|Date of Issuance||Title||Headnotes|
|01/28/1998||Application of 18 U.S.C. § 203 to Maintenance of Contingent Interest in Expenses Recoverable in Litigation Against the United States||
18 U.S.C. § 203 does not prohibit a prospective government officer from maintaining upon his entry into government service a contingent interest in expenses recoverable in litigation involving the United States.
|01/29/1998||Statute of Limitations and Settlement of Equal Credit Opportunity Act Discrimination Claims Against the Department of Agriculture||
The Attorney General may not waive the statute of limitations in the litigation or compromise of pending claims against the United States.
Absent a specific provision to the contrary, a statute of limitations on civil actions also should apply to administrative settlements of claims arising under that statute pursuant to 31 U.S.C. § 3702.
31 U S.C. § 3702 does not authorize the Department of Agriculture to pay compensatory damages in an administrative settlement of an ECOA claim if ECOA’s two year statute of limitations has run.
Filing an administrative claim with USDA does not toll ECOA’s statute of limitations.
Although ECOA’s statute of limitations is, in appropriate circumstances, subject to the doctrines of equitable tolling and equitable estoppel, courts have rarely applied either doctrine against the United States.
|02/02/1998||Reimbursement of Expenses Under 5 U.S.C. § 5503(a)||
5 U.S.C. § 5503(a) does not prohibit individuals reappointed to the Board of Directors of the Civil Liberties Public Education Fund during a congressional recess from receiving reimbursement for travel, subsistence, and other necessary expenses associated with performing their functions.
|02/17/1998||Applicability of 18 U.S.C. §§ 431–433 to Limited Partnership Interests in Government Leases||
The interests of two Members of Congress under a proposed real estate transaction involving limited partnership interests in government leases would fall within the prohibition of 18 U.S.C. § 431, and the “incorporated company” exception of 18 U.S.C. § 433 does not apply.
|03/13/1998||Applicability of 18 U.S.C. § 431 to Limited Partnership Interests in Government Leases||
A modified version of the proposed real estate transaction described in the February 17, 1998 opinion that gives the blind trusts no interest in any government contracts is permissible under 18 U.S.C. § 431.
|03/18/1998||The Vacancies Act||
The Vacancies Act is not the exclusive authority for temporarily assigning the duties of a Senate-confirmed office. Statutes vesting an agency’s powers in the agency head and allowing delegation to subordinate officials also may be used to assign, on an interim basis, the duties of certain vacant Senate-confirmed offices.
|03/20/1998||Interpretation of Inspector General Act||
Although it is a close question, the better interpretation of the Inspector General Act is that Congress did not intend to limit the phrase “recommendation that funds be put to better use” to only those audit recommendations that achieve identifiable monetary savings.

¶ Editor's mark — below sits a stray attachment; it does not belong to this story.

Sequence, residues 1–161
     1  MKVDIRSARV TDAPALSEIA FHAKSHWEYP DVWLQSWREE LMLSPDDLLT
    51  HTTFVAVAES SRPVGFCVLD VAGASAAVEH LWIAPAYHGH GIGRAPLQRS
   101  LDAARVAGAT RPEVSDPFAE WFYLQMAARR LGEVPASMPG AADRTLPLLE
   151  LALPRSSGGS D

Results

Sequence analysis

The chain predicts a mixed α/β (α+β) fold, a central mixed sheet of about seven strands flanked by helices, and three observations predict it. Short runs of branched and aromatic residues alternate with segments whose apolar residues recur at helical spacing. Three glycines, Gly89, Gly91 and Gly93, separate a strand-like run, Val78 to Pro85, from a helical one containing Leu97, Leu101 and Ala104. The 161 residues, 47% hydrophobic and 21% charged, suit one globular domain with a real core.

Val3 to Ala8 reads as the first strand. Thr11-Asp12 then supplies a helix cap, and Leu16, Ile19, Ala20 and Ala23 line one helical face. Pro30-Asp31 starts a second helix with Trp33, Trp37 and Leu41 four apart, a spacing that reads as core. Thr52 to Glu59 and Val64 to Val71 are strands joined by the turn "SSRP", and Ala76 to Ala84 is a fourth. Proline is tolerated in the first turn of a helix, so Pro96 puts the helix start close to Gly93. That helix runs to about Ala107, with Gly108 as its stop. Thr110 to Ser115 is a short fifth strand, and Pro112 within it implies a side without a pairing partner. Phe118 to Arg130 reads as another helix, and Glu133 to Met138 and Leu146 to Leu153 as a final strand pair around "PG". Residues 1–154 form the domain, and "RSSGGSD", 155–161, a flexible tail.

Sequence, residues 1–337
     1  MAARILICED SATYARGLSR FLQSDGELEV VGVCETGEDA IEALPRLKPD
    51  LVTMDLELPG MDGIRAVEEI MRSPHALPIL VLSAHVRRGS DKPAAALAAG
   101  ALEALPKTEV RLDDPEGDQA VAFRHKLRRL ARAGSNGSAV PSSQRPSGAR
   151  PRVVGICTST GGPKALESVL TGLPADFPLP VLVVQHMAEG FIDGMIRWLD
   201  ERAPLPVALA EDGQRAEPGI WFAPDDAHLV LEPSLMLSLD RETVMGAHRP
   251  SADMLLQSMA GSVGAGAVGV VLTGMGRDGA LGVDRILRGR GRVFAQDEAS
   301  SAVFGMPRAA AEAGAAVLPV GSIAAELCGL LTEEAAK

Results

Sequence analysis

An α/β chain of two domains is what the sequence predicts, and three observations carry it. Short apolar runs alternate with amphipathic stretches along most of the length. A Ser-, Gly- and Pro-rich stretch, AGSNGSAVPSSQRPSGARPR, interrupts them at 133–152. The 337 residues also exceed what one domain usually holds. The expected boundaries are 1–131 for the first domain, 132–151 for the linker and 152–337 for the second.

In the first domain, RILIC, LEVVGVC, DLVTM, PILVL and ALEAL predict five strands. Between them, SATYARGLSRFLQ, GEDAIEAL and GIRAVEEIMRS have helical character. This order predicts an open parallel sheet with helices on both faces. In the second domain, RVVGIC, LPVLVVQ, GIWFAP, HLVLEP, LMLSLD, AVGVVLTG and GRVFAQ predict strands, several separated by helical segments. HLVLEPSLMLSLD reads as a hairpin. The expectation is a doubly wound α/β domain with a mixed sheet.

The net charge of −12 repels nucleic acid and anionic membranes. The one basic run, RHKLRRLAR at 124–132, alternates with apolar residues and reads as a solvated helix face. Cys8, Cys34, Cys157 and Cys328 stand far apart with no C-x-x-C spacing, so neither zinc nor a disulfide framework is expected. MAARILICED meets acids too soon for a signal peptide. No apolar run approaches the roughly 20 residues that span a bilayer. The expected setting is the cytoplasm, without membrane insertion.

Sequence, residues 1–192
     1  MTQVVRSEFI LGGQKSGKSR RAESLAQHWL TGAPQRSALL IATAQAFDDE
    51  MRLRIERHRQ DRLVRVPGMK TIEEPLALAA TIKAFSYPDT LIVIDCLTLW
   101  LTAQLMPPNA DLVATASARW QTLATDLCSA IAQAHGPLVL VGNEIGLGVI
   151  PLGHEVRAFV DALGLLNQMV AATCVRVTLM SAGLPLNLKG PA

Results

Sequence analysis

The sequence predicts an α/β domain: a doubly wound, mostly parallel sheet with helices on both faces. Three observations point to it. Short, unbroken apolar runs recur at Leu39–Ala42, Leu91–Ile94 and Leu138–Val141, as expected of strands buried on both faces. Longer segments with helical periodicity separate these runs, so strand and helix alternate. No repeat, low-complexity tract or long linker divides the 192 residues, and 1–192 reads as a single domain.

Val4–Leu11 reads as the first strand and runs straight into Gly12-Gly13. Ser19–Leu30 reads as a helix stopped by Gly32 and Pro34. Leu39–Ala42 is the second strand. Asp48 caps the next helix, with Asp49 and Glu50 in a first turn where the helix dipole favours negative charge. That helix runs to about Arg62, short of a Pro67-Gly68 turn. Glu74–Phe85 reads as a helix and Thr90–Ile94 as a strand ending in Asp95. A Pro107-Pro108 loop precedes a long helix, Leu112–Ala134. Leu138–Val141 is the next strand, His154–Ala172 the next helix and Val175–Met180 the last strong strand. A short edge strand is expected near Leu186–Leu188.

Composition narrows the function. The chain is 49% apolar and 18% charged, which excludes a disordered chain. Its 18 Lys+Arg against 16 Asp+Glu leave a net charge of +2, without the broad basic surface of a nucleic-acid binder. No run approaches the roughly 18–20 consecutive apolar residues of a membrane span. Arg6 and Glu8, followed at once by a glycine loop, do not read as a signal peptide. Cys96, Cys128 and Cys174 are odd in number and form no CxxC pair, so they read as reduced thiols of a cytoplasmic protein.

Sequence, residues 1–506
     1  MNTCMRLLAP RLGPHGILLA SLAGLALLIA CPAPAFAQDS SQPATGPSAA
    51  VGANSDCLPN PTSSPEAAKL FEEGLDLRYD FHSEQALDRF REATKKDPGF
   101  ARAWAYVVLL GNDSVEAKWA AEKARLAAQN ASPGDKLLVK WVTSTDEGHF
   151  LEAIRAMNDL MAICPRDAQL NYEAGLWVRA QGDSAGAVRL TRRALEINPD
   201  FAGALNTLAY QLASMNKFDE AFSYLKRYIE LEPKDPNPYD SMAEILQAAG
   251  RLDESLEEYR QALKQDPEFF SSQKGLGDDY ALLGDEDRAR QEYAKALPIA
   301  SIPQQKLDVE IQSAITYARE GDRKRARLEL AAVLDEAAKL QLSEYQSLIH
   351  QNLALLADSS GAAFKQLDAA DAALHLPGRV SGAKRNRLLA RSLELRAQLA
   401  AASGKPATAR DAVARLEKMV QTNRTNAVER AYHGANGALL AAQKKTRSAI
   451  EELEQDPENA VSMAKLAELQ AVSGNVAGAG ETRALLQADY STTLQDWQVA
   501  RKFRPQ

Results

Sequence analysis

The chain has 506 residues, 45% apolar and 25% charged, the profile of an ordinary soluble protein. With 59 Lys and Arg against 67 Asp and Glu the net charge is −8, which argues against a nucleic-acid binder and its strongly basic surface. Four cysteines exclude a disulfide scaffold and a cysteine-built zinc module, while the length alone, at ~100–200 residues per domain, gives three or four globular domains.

|04/09/1998||Application of the Double Jeopardy Clause to Disgorgement Orders Under the Federal Trade Commission Act||
In a civil suit brought by the Federal Trade Commission challenging unfair trade practices, the Double Jeopardy Clause of the Fifth Amendment is not implicated by a judgment requiring restitution and ordering that, in the event restitution is impracticable, the defendant pay money to the United States Treasury.
|04/20/1998||Possible Bases of Jurisdiction for the Department of Justice to Investigate Matters Relating to the Assassination of Martin Luther King, Jr.||
The Department of Justice may conduct an investigation relating to the assassination of Martin Luther King, Jr., to investigate the commission of federal crimes for which the applicable statute of limitations has run, in order to establish the facts of the crime, independent of whether such facts may lead to a prosecution.
The Department also has authority, under 28 U.S.C. § 533(3), to investigate the role of the Department or the Federal Bureau of Investigation in the original investigation of the King assassination. Such an investigation under § 533(3) could include a re-investigation of the facts surrounding the assassination itself in order to assess the conduct of the Bureau’s original investigation and determine the accuracy and completeness of its findings.
|04/22/1998||Coverage Issues Under the Indian Self-Determination Act||
The 1990 amendment to the Indian Self-Determination and Education Assistance Act of 1975 covers only those torts for which the Federal Tort Claims Act waives the sovereign immunity of the United States.
The 1990 amendment does not authorize or otherwise address representation of tribes or tribal employees who are sued in their individual capacities for constitutional torts.